‘I know the pain of anorexia'
Every now and again I get told by acquaintances that I've put on weight or become chubby. In their eyes I'm no longer the "hot and skinny" girl they used to see. But what those people don't know is that the girl they remember was a shell of the person I am now. A girl who would eat only 100 calories a day, go to the gym seven days a week for two to three hours to attain an unrealistic goal of being thin.
After years of bullying and fat shaming by society and being told I didn't fit into the ideal beauty standards women are expected to comply with, I pushed and pushed myself until I became anorexic. I know the pain I went through and the torture my body went through. I know the exhaustion I felt from pushing my body to such a point that I would sleep for hours on end because I had starved by body of energy and nutrition.
I remember looking at the photos of me when I was exceptionally thin from starving myself and thinking how fat I was. I look back and feel grateful I am in a better weight range. Next time, before you fat shame someone or make a slight joke about their weight, remember that anorexia can take as little as 21 days to get into and up to seven years to get out of.
Pushing myself to get out of this painful hole in my life was hard and the scars remain. I now suffer from severe bulimia and vomit on average 15 times a week. It was the warped perception anorexia gave me. Bulimia has caused many long term and short term effects for me. Most of the times I pass out after vomiting on my bed because I have no energy, but even more dangerously if I vomit when I'm out and I am driving directly after, I have to pull over because my body begins to collapse and I need to sleep. These are just the short-term effects. The long-term effects have been much worse: it has caused my face to swell, internal bleeding and even sometimes caused problems with my periods.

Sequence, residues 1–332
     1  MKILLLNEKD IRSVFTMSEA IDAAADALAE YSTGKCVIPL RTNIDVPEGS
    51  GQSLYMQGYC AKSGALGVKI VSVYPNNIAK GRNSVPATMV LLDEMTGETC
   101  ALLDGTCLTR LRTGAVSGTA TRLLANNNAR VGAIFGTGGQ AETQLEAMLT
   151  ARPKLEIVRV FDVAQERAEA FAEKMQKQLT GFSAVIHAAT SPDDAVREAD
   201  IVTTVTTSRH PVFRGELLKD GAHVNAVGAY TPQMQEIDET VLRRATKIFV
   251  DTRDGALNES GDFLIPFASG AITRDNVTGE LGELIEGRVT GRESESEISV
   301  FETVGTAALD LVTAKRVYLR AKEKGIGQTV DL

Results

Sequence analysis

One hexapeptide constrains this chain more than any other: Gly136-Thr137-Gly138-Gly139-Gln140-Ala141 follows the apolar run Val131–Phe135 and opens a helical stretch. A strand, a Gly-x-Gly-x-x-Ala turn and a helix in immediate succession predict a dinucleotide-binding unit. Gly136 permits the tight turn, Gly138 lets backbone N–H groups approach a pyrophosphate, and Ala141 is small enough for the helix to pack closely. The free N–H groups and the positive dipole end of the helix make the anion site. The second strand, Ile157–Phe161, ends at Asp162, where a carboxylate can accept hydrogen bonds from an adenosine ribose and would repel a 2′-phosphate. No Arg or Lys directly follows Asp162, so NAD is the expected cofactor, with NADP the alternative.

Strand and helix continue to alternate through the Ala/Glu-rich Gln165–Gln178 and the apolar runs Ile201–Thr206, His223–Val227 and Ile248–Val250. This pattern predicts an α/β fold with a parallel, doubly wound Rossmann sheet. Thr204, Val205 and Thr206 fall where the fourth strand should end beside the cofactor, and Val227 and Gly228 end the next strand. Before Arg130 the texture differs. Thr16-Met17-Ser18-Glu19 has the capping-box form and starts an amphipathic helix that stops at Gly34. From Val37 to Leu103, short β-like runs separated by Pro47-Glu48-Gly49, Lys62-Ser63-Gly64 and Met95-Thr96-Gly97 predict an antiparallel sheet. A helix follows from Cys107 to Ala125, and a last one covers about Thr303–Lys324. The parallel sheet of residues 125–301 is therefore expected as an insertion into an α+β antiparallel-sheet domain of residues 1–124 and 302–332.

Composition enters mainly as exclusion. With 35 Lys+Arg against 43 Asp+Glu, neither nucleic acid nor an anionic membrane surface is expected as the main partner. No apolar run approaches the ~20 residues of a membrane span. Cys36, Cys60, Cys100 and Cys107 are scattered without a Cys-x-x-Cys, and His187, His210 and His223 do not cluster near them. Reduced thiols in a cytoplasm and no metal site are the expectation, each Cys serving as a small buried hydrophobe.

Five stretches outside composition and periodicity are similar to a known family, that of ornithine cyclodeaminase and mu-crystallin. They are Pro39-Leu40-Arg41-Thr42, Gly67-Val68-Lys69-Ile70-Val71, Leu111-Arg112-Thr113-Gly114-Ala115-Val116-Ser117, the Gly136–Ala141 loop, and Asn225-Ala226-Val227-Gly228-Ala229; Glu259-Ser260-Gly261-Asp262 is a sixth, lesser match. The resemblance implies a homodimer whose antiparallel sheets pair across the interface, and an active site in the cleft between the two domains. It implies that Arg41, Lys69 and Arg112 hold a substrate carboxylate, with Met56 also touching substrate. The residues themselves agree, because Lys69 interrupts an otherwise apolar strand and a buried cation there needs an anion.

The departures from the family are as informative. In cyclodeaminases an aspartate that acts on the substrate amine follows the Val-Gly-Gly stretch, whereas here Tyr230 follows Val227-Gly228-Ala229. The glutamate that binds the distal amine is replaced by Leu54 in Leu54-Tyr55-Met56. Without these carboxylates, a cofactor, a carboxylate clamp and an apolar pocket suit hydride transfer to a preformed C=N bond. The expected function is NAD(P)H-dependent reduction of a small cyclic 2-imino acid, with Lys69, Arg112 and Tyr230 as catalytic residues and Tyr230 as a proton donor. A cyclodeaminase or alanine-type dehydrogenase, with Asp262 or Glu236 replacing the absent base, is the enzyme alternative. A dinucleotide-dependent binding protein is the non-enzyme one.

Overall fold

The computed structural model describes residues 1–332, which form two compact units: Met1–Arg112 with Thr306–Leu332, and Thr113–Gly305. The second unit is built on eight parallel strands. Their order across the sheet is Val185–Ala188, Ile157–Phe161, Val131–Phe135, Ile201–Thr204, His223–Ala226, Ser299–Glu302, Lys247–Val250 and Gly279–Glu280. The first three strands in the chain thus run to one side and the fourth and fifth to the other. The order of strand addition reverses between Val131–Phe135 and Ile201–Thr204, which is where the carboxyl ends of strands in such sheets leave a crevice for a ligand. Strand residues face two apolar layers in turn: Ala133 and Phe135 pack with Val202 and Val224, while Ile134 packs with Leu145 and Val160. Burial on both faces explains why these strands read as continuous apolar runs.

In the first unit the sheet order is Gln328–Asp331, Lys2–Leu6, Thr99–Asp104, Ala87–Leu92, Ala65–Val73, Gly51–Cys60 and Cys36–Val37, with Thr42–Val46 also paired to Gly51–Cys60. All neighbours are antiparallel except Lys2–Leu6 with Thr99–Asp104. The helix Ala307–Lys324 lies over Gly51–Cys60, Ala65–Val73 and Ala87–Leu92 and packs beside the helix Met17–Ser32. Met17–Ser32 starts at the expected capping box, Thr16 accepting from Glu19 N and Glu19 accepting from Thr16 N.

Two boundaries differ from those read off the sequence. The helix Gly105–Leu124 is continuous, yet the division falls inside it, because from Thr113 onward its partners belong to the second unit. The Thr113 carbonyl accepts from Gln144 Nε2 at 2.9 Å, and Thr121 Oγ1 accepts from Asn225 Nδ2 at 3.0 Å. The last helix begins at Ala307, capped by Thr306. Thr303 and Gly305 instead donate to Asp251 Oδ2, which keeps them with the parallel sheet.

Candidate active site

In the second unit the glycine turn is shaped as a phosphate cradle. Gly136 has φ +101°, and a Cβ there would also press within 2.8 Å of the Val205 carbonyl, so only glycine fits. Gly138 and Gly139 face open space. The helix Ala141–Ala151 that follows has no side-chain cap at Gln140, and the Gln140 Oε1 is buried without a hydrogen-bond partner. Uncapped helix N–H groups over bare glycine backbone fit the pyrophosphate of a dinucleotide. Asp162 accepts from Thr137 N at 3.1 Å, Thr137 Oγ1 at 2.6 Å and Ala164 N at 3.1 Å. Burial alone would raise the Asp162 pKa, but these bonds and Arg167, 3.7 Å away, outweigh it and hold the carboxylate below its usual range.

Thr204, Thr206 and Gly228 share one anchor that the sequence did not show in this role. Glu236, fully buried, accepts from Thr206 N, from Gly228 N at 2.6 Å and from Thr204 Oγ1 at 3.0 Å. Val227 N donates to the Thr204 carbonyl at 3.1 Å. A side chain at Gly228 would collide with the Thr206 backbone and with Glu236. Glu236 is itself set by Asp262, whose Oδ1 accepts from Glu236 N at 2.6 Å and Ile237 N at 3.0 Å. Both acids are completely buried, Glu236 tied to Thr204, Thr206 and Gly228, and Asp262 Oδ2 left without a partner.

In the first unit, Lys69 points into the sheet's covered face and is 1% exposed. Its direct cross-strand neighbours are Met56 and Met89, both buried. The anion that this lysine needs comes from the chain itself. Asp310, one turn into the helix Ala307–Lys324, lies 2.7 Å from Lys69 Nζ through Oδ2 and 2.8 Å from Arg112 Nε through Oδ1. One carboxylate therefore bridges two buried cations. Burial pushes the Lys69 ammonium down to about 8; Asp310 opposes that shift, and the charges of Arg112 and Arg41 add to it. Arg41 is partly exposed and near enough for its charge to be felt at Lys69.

The journey to recovery is long and hard for me but I am trying my best every day. I am not ashamed to talk about these problems I face because this is me … take it or leave it. Only I can help myself and I am responsible for my health. I don't blame anyone but I do wonder, if I didn't go through years of society's taunts on the perfect image … would I be here? And even though I am here now, will society ever get to a point where we stop forcing individuals into these disorders? The question of when will I recover, and will society stop projecting 'the perfect size' in my lifetime, go hand-in-hand.
Call the National Support Line for eating disorders, 1800 ED HOPE (1800 33 4673), for free confidential support, help and information.
Originally published as 'I know the pain': Anorexia survivor reveals eating disorder battle